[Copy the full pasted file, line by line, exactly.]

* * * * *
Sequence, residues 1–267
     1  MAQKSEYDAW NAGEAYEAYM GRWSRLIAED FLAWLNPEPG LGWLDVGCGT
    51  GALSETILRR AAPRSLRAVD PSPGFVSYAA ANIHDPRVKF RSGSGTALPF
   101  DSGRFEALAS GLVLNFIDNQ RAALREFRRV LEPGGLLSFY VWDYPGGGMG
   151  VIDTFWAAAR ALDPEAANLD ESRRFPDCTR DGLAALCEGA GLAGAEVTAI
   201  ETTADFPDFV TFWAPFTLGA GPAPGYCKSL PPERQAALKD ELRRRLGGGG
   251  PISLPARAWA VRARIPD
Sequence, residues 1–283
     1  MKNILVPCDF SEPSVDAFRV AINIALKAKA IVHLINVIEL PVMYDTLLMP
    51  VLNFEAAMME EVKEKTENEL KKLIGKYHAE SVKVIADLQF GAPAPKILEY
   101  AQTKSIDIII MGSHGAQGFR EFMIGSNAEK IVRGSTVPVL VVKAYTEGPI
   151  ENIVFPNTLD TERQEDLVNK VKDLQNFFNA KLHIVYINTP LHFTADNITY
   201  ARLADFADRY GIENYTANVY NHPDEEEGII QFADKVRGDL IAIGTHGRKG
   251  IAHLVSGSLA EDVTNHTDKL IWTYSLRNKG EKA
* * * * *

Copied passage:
Sequence, residues 1–267
     1  MAQKSEYDAW NAGEAYEAYM GRWSRLIAED FLAWLNPEPG LGWLDVGCGT
    51  GALSETILRR AAPRSLRAVD PSPGFVSYAA ANIHDPRVKF RSGSGTALPF
   101  DSGRFEALAS GLVLNFIDNQ RAALREFRRV LEPGGLLSFY VWDYPGGGMG
   151  VIDTFWAAAR ALDPEAANLD ESRRFPDCTR DGLAALCEGA GLAGAEVTAI
   201  ETTADFPDFV TFWAPFTLGA GPAPGYCKSL PPERQAALKD ELRRRLGGGG
   251  PISLPARAWA VRARIPD
Sequence, residues 1–283
     1  MKNILVPCDF SEPSVDAFRV AINIALKAKA IVHLINVIEL PVMYDTLLMP
    51  VLNFEAAMME EVKEKTENEL KKLIGKYHAE SVKVIADLQF GAPAPKILEY
   101  AQTKSIDIII MGSHGAQGFR EFMIGSNAEK IVRGSTVPVL VVKAYTEGPI
   151  ENIVFPNTLD TERQEDLVNK VKDLQNFFNA KLHIVYINTP LHFTADNITY
   201  ARLADFADRY GIENYTANVY NHPDEEEGII QFADKVRGDL IAIGTHGRKG
   251  IAHLVSGSLA EDVTNHTDKL IWTYSLRNKG EKA